Dating clothing union labels
Quick Tips for Dating Vintage Here are some quick, easy-to-remember tips. Center-back dress zippers – seen occasionally in the 1940s and early 1950s, but generally later 1950s and 1960s and in most dresses since the 1970s.They don’t necessarily place a garment in a specific year, but they will help you narrow down the time range. Velcro® was invented in 1948, but not used in clothing much until the 1960s.Stiletto heels (tall, very slim) were first seen in Italy in 1955, and with pointed toes in 1957.Generally speaking, shoes with round toes and Spanish heels (high, but thicker than a stiletto’s) are pre-1957.
First available to consumers in stockings in May 1940, nylon was not used in other clothing until after WWII. S., England, and Germany use variations of the same sizing method ((e.g. Some countries that manufacture shoes for export sensibly mark shoes in the size system of the country they are shipping to.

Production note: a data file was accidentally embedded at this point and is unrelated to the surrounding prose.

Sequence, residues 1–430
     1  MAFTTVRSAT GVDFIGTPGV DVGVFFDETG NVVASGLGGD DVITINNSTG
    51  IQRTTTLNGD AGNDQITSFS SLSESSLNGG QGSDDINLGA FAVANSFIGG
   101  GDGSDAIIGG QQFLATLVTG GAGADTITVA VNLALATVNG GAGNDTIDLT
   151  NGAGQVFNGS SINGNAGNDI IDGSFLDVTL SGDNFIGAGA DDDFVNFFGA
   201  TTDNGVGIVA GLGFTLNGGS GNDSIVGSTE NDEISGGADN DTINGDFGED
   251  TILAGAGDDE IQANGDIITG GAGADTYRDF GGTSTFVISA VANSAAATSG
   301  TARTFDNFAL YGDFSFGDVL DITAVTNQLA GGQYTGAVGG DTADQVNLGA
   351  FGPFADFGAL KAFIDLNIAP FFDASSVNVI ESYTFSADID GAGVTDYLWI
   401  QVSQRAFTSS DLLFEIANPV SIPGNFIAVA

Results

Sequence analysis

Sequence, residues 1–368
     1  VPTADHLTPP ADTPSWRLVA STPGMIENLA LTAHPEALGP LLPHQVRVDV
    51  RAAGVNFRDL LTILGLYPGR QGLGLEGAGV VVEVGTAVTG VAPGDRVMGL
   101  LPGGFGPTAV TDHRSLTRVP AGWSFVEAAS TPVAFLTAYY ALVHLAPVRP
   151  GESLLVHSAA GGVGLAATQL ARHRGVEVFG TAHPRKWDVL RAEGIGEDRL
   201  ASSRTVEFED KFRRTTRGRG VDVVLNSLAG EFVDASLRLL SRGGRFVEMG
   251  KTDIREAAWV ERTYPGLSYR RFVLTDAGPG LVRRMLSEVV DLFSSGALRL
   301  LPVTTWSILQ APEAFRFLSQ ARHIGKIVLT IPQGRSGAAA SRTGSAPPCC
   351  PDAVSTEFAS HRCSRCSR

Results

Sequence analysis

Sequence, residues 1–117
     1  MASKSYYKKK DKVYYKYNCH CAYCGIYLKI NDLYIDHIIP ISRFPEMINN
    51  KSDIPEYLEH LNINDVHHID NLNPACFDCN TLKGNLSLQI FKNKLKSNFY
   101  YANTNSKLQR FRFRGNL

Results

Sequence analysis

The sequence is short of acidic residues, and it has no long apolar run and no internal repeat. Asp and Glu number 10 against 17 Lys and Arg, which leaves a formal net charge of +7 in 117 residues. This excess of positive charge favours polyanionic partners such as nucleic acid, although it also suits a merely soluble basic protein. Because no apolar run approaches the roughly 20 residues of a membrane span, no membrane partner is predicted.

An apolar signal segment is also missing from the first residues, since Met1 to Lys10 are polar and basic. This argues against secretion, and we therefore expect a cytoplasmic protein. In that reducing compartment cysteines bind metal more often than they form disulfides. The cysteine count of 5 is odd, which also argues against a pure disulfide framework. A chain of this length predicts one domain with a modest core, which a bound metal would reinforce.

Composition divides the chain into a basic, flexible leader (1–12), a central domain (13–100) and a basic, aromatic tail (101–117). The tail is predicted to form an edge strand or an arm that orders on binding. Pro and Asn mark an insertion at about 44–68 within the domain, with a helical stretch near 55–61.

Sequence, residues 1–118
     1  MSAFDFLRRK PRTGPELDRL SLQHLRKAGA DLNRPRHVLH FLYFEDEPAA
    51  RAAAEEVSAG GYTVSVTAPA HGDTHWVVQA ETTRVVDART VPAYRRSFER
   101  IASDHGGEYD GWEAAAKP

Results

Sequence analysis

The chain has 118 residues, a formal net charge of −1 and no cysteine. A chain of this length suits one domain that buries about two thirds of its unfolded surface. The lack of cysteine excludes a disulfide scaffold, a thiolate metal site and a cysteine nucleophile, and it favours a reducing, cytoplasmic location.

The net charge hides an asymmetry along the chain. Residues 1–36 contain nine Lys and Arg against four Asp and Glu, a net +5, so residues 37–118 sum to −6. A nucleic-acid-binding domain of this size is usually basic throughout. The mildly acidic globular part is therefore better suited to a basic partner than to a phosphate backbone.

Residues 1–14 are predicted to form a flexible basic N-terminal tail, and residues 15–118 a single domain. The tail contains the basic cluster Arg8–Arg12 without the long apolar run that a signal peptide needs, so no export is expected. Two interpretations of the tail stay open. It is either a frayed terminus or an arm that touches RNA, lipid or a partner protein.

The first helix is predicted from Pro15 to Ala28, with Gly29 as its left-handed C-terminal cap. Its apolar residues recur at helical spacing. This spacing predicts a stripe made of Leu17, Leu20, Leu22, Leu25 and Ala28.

Written by Hollis Jenkins-Evans/pastperfect2 and Liza D.
The following information is a guide to identifying and dating vintage clothing, suits, coats, pants, jackets, and workwear that was sewn by the Amalgamated Clothing Workers of America based on the union label that is present on the garment.
The modern metal zipper was invented in 1914 and used in galoshes and bags until 1927, after which they were also used in men’s trousers. Machines were not in common use for civilian garments until after 1845.
They were not common in women’s dresses until the late 1930s. Machine chain stitch came first, followed by lockstitch. Hand-sewn and machine-sewn construction (as opposed to hand-sewn finishing) coexisted for years – until the 1880s, if not later.